Clots retrieved by mechanical thrombectomy from acute ischemic stroke patients show no evidence of bacteria

Zenith Khashim, Seán Fitzgerald, Ramanathan D Kadirvel, Daying Dai, Karen M. Doyle, Waleed Brinjikji, David F Kallmes

Research output: Contribution to journalArticle

Abstract

Background: Bacteria and bacterial components have been associated with the activation of coagulation factors and initiating the blood clot formation. The aim of this study was to investigate whether bacterial populations are present in clots retrieved from patients that have suffered a large vessel occlusion acute ischemic stroke (AIS). Materials and methods: Clot samples were collected from 20 AIS patients who underwent clot retrieval with mechanical thrombectomy. Patient clinical demographic details were noted. Expression of bacterial 16S rDNA was analyzed by standard and real-time polymerase chain reaction (PCR). Gram staining was performed to identify Gram-positive and Gram-negative bacteria. Results: Both the real-time and standard PCR demonstrated no expression of 16S rDNA in any of the 20 clots samples from AIS patients. Gram staining results showed no expression of Gram-positive or Gram-negative bacteria present in the clot samples. Conclusion: Our current study found no bacteria populations in the clots of AIS patients.

Original languageEnglish (US)
JournalInterventional Neuroradiology
DOIs
StatePublished - Jan 1 2019

Fingerprint

Thrombectomy
Stroke
Bacteria
Ribosomal DNA
Gram-Negative Bacteria
Real-Time Polymerase Chain Reaction
Staining and Labeling
Blood Coagulation Factors
Population
Thrombosis
Demography

Keywords

  • acute ischemic stroke
  • Bacteria
  • mechanical thrombectomy

ASJC Scopus subject areas

  • Radiology Nuclear Medicine and imaging
  • Clinical Neurology
  • Cardiology and Cardiovascular Medicine

Cite this

Clots retrieved by mechanical thrombectomy from acute ischemic stroke patients show no evidence of bacteria. / Khashim, Zenith; Fitzgerald, Seán; Kadirvel, Ramanathan D; Dai, Daying; Doyle, Karen M.; Brinjikji, Waleed; Kallmes, David F.

In: Interventional Neuroradiology, 01.01.2019.

Research output: Contribution to journalArticle

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abstract = "Background: Bacteria and bacterial components have been associated with the activation of coagulation factors and initiating the blood clot formation. The aim of this study was to investigate whether bacterial populations are present in clots retrieved from patients that have suffered a large vessel occlusion acute ischemic stroke (AIS). Materials and methods: Clot samples were collected from 20 AIS patients who underwent clot retrieval with mechanical thrombectomy. Patient clinical demographic details were noted. Expression of bacterial 16S rDNA was analyzed by standard and real-time polymerase chain reaction (PCR). Gram staining was performed to identify Gram-positive and Gram-negative bacteria. Results: Both the real-time and standard PCR demonstrated no expression of 16S rDNA in any of the 20 clots samples from AIS patients. Gram staining results showed no expression of Gram-positive or Gram-negative bacteria present in the clot samples. Conclusion: Our current study found no bacteria populations in the clots of AIS patients.",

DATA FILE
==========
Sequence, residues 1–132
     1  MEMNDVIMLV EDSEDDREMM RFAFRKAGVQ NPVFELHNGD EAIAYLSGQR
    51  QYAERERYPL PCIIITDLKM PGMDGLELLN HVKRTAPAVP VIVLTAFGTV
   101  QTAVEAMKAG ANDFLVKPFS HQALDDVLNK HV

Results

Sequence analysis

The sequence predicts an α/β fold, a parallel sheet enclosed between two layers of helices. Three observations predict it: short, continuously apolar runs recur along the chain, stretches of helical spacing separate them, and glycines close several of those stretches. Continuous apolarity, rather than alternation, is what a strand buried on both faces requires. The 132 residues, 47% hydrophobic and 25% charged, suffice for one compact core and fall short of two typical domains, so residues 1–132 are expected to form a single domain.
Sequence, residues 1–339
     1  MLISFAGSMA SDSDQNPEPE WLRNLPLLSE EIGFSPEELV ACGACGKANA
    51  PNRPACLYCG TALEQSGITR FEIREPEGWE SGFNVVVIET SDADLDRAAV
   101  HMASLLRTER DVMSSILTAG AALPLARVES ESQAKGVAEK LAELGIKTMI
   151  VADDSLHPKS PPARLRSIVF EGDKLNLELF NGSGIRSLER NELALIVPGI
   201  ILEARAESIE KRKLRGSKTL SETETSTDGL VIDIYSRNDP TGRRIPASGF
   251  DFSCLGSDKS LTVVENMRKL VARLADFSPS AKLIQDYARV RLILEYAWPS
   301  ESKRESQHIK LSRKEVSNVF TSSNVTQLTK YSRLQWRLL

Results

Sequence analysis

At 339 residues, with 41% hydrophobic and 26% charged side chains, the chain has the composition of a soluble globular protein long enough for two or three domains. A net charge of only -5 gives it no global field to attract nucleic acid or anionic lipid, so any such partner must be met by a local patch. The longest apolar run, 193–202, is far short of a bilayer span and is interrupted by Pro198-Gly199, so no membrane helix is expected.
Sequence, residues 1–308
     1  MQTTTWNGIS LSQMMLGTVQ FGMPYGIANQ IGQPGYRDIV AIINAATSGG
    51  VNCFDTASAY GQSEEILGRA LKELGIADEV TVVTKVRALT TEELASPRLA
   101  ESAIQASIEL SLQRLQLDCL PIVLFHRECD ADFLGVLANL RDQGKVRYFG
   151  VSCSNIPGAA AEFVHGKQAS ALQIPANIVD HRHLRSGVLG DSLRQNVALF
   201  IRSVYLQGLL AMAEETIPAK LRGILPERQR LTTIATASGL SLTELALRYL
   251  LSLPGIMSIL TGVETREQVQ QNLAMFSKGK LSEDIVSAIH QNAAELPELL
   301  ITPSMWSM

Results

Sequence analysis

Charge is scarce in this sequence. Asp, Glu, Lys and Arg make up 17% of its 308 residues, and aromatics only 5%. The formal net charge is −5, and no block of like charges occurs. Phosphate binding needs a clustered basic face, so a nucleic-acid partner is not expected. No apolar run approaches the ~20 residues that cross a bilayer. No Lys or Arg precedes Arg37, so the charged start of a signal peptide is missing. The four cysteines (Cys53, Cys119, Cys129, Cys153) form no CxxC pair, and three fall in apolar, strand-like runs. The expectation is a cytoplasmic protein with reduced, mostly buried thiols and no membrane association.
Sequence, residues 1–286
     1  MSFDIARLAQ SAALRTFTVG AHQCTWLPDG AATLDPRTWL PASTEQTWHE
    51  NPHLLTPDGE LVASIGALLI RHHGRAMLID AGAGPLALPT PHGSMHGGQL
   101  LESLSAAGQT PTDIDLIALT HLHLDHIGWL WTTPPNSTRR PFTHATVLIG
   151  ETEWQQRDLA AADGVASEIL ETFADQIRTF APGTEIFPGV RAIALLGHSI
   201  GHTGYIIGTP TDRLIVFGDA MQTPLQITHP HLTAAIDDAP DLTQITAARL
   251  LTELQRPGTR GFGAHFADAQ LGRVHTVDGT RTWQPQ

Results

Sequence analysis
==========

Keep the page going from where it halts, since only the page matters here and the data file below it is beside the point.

keywords = "acute ischemic stroke, Bacteria, mechanical thrombectomy",
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AU - Khashim, Zenith

AU - Fitzgerald, Seán

AU - Kadirvel, Ramanathan D

AU - Dai, Daying

AU - Doyle, Karen M.

AU - Brinjikji, Waleed

AU - Kallmes, David F

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N2 - Background: Bacteria and bacterial components have been associated with the activation of coagulation factors and initiating the blood clot formation. The aim of this study was to investigate whether bacterial populations are present in clots retrieved from patients that have suffered a large vessel occlusion acute ischemic stroke (AIS). Materials and methods: Clot samples were collected from 20 AIS patients who underwent clot retrieval with mechanical thrombectomy. Patient clinical demographic details were noted. Expression of bacterial 16S rDNA was analyzed by standard and real-time polymerase chain reaction (PCR). Gram staining was performed to identify Gram-positive and Gram-negative bacteria. Results: Both the real-time and standard PCR demonstrated no expression of 16S rDNA in any of the 20 clots samples from AIS patients. Gram staining results showed no expression of Gram-positive or Gram-negative bacteria present in the clot samples. Conclusion: Our current study found no bacteria populations in the clots of AIS patients.

AB - Background: Bacteria and bacterial components have been associated with the activation of coagulation factors and initiating the blood clot formation. The aim of this study was to investigate whether bacterial populations are present in clots retrieved from patients that have suffered a large vessel occlusion acute ischemic stroke (AIS). Materials and methods: Clot samples were collected from 20 AIS patients who underwent clot retrieval with mechanical thrombectomy. Patient clinical demographic details were noted. Expression of bacterial 16S rDNA was analyzed by standard and real-time polymerase chain reaction (PCR). Gram staining was performed to identify Gram-positive and Gram-negative bacteria. Results: Both the real-time and standard PCR demonstrated no expression of 16S rDNA in any of the 20 clots samples from AIS patients. Gram staining results showed no expression of Gram-positive or Gram-negative bacteria present in the clot samples. Conclusion: Our current study found no bacteria populations in the clots of AIS patients.

KW - acute ischemic stroke

KW - Bacteria

KW - mechanical thrombectomy

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